by Brooke Parsons, SGA President
On September 30, 2011, the Campus Center had a great flurry of activity. At 4:15, a bus pulled up in front of the Rondelieu Campus Center full of Stonehill College student leaders looking to gain new knowledge and joining fellow students here at BSU. I was sitting outside of the large ballroom, checking students in until the event started. This event happens once a year, and I have been involved with it for three. As a student leader, most would think that the leadership summit only offers programs for those who are looking to get into the field. This is definitely a common misconception. The summit offers a wealth of knowledge to all that attend. Not only do you learn how to become a leader, but you also learn how to hone your leadership skills, gain new knowledge to pass onto others, and learn how to organize your everyday life.
The leadership summit offers different breakout sessions every year. All of these sessions vary by subject. The two breakout sessions that I had attended at last week’s summit were a Roundtable about Careers in Student Affairs, and Expand your Leadership through Technology. The two breakout sessions that I attended we completely different from each other and also very different from the rest of the sessions that were also held. Some of the other sessions that were held included Team Building and Delegation: How and When to Empower People, Professionalism, Shared Visions: Collaborative Leadership at Work, and Building Buzz. These are not even half of what was held at the summit, and all provided different resources to everyone.
At about halfway through the summit, dinner was served and a keynote speaker was presented. This leader was a Bridgewater State alum and had a resonating lecture. Dr. Maura Cullen spoke about Diversity in Education and Social Justice. She talked about how everyone should be treated as an equal and what we can do to get the world thinking that way. Dr. Cullen’s speech was not only empowering but also provided that “ah-ha” moment to many in the room. Dr. Cullen held your attention throughout the entire lecture, and kept all material fun, and was able to relate it all to each and every person in the room. This was especially noteworthy because the material was such a strong and powerful subject.
As the night neared end, the students of Stonehill College and Bridgewater State University came together one last time in the large ballroom. The closing session also resonated through the room as Kelly Burne and Joanna Darrigo, the two graduate assistants of OSIL, took the stage and presented Be the Change. These two women stood at the entrances of the Ballroom and gave everyone a strip of paper. On this piece of paper, we were asked to write a random act of kindness that happened to them on that day. Throughout their presentation, these random acts were read aloud and related to the material being covered.
Moral: The leadership summit is a way to connect to other people just like you. It mentors you to achieve your highest standards, and find peace in helping others achieve their goals.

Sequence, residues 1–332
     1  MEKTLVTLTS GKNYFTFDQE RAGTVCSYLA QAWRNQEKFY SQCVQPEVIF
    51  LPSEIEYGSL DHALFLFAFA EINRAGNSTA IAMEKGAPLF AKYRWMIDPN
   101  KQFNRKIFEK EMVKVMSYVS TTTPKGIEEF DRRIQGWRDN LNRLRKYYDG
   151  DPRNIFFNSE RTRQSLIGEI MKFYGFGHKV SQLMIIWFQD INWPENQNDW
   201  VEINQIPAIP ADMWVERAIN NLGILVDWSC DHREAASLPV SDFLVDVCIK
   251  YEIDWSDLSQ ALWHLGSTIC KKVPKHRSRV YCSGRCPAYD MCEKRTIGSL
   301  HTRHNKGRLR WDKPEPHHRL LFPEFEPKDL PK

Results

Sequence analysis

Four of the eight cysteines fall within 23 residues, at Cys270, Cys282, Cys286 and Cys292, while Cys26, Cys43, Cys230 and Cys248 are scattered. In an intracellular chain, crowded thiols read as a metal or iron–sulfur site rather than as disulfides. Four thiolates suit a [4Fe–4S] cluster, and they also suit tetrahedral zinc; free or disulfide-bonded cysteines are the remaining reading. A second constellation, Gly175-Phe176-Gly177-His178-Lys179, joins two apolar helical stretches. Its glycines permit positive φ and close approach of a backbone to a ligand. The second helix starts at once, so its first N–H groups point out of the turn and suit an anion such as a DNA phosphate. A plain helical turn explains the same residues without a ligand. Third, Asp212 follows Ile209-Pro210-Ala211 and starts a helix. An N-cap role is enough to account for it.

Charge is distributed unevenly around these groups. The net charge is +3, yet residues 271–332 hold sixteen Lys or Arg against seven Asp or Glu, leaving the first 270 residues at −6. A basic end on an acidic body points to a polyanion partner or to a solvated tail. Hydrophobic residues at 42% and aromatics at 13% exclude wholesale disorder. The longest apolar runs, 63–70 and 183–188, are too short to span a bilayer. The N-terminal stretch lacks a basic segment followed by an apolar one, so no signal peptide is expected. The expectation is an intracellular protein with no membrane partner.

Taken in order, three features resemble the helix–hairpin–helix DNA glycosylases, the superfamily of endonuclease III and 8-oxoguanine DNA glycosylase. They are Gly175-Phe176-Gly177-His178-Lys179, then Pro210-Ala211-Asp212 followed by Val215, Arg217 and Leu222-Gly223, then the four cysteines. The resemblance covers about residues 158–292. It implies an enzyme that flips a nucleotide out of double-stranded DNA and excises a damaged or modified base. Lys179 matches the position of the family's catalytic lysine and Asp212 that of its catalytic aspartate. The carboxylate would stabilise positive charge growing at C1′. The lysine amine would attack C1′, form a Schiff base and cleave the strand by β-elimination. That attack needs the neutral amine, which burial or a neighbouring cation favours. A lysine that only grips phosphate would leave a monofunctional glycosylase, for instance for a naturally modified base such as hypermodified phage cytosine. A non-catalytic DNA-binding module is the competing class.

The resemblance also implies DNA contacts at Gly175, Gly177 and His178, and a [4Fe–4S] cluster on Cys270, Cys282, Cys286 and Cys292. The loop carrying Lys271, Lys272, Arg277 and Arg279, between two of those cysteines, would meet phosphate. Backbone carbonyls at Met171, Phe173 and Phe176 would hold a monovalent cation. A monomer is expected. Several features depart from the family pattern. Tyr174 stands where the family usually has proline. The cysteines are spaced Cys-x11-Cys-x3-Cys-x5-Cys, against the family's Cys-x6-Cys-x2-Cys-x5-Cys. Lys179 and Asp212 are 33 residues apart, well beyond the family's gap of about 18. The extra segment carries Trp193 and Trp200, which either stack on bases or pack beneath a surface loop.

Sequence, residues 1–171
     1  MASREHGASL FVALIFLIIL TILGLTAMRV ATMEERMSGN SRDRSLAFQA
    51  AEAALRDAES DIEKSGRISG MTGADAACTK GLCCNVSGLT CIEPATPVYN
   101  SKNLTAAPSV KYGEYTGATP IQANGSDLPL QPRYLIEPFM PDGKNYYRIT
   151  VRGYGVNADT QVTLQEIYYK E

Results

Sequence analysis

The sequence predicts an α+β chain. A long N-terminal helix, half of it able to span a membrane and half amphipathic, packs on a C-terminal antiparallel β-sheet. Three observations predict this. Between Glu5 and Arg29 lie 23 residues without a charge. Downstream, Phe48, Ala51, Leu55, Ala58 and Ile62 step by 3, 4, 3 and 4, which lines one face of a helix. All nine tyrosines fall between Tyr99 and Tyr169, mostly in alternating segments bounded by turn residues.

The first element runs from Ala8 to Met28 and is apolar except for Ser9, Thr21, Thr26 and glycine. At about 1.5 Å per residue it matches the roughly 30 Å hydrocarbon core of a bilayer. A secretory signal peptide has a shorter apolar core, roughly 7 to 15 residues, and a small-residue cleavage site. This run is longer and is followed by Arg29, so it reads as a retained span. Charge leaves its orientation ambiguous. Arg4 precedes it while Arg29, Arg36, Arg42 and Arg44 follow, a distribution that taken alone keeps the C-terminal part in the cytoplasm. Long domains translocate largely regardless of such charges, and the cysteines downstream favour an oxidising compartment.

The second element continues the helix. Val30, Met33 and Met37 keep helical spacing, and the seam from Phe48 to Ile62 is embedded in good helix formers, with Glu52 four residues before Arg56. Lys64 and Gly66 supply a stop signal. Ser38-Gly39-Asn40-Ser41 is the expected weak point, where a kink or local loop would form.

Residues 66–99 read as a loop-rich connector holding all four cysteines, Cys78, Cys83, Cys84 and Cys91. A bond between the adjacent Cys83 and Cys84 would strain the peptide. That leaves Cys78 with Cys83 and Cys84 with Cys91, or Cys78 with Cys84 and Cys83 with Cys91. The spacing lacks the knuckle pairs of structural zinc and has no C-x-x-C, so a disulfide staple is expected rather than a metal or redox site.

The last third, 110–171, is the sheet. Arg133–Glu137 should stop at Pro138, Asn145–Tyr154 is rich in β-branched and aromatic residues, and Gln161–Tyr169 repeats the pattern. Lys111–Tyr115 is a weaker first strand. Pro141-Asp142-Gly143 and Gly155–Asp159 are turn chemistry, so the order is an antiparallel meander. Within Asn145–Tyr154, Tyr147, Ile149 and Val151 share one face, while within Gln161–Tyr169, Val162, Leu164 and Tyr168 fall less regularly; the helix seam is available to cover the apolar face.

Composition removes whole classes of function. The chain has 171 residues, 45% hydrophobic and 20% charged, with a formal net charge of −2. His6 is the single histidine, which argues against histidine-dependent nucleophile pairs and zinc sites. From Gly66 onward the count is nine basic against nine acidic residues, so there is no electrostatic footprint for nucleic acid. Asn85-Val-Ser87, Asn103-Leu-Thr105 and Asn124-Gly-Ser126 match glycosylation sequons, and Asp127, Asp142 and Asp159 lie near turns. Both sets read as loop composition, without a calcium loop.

by Matt Miller, Assistant Director for Programming, Student Involvement and Leadership
To start off, I have to share my own personal excitement for social media week and I hope you have taken advantage of all the great programs this week! So on to the topic of the day. The Blogfest topic of the day is leadership, with a focus on what “effective leadership” means to me. When I think of the phrase effective leadership, two words come to mind that I want to focus on – vision and motivation.
Vision – To me, ability to lead is great, but unless you have somewhere you are leading others, there isn’t really much point. When someone has a vision, whether for themselves, their job or their organization, I believe they are often more productive and more effective. I have had the pleasure of working with numerous student leaders while working here at BSU and although they all had their strengths, the ones with a clear vision and view of the future were often the best leaders. A vision can be for any length of time, or can connect to a small project or to a whole organization. Planning ahead and creating a vision of what you want the outcome to be is a great way to help you or your group reach that goal.
Motivation – You can break this into two main parts, personal motivation and motivation of others. If you have a vision you are most likely going to be more effective then without one, but personal motivation is going to get you there. I hear great ideas all the time, but many people are not self-motivated to accomplish or take on those ideas. Often you can’t take it all on by yourself, especially when you are trying to make changes within an organization or plan an event as a group, then you have to motivate others. Many leaders just expect others to work with them, to follow, and then complain when those they were working with walk away. Especially when working with a group of fellow volunteers you have to keep them motivated – motivated to be there, motivated to do work, motivated to work toward your shared vision.
Although there are many other aspects to being an effective leader, I think that these two are pretty important. When setting a vision for a group, it’s always good to have your own, but make sure you create a shared one that everyone can also agree on, then help motivate each other to accomplish it.
What do you think? What characteristics would you say are require for effective leadership? Have you had any successes or challenges relating to setting a vision or motivating others that you would want to share?